Iron has relaxed down to just below $132/MT. Everyone watching carefully to see whether there is any follow through on the first two months of better growth to see if could actually be a trend. Until then Iron Ore waits as inventory replenishment getting nearing its end. Forecasts and the forward curve suggest lower levels in the future. Let call Nov ’13 either side of 130/MT, Dec ’13 either side of $129/MT, Q1 ’14 either side of $127/MT, and Cal ’14 either side of $119/MT.


I just got back from the AMM Scrap conference. The mood was one of tight margins, modest flows with an expectation that flows will improve quickly on any decent price rises. The Market feels $15-20/GT (gross ton) increase brewing, but there is a difference of opinion as to how much gets collected and how quickly. With so many steel buyers maxing out existing CRU deals in this uncertain environment, the expectation is the buyers’ appetite should continue to be decent from the mills through November. Certainty wanes a bit for December, and, shockingly, some not very confident about traditional bullish 1st quarter months, maybe due to concern over real demand, steel imports factor, and the effect of Nucor’s DRI facility. As one party put it, any harsh winter months crimp both supply and demand.

CFR Turkey meanwhile has risen to $392/MT zone on back of further Turkish buys building inventory ahead of the Baltic winter season. Also Europe’s flows clearly have been tepid due to lack of activity there. It has probably made the move it is going to make, having already climbed $30/MT in 6 weeks. Futures in CFR and BUS have been quiet. Interest from conference participants in scrap futures still quite high.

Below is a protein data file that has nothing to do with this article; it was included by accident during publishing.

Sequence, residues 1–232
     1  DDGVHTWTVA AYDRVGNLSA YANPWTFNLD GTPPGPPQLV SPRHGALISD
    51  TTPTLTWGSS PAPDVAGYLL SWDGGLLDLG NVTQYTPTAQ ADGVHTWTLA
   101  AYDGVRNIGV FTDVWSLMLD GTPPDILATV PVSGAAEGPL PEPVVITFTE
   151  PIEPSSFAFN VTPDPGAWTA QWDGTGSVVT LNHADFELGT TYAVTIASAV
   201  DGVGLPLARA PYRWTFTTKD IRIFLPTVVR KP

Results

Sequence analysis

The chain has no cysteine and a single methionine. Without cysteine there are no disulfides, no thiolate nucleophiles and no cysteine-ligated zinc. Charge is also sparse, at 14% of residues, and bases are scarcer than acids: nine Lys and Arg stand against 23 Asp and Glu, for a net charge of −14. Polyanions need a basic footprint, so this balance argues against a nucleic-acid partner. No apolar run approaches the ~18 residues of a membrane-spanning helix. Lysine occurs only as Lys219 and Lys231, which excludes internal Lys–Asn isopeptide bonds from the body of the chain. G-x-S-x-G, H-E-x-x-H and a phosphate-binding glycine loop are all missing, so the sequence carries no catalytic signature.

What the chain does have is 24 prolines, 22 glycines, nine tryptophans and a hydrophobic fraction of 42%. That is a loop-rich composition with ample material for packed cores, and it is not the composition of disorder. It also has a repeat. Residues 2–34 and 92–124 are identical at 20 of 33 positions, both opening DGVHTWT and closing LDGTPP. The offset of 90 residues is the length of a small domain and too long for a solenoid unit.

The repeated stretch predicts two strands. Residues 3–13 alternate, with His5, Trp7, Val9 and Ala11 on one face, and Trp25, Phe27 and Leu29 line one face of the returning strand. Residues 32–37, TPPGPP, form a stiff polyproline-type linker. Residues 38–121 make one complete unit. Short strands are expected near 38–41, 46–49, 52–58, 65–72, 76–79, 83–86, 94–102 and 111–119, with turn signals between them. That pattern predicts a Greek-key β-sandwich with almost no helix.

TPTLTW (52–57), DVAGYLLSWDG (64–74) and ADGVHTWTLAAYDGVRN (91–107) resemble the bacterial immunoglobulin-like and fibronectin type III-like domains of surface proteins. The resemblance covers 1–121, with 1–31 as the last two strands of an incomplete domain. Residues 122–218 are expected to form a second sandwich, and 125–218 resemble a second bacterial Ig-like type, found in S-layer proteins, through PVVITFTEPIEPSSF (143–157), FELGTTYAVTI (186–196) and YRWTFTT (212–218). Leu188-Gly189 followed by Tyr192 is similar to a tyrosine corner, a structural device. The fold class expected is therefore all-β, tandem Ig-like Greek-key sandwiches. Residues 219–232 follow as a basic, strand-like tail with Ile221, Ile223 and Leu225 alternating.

Latest in Futures

HRC futures: ‘Normalcy’ not seen on near-term horizon

Over my years of observing the steel market, there's been a recurring belief that current market disruptions in either the physical spot market or steel futures are temporary anomalies, destined to fade, and that normalcy will soon return. However, the events of the first few weeks of 2024 served as a stark reminder that this expectation seldom materializes, and that the US steel market is still the most volatile steel market in the world.

HRC futures: Understanding and addressing HRC basis risk

It’s no secret that HRC futures have been particularly volatile over the past several years. The most recent instance was the outsized break in the March futures contract early this week. For companies procuring raw material in anticipation of higher prices or even to get ahead on future purchase orders from customers, understanding the relative price of that raw material versus the hot-rolled coil futures curve is important.

HRC futures: A flock of canaries in the mine

Much has happened since we last met on Jan. 4. Cleveland-Cliffs announced a price increase on Jan. 3, lifting the futures market in the morning only for it to finish the day $20-$30 per short ton (st) below those morning highs. On Jan. 4, the futures curve was down another $10-$28/st. And in my column for SMU that evening, I asked a question: Would those aggressive sellers be met with a short-squeeze forcing them to cover, or had the market peaked with the negative price action to start the year the proverbial canary in the coal mine?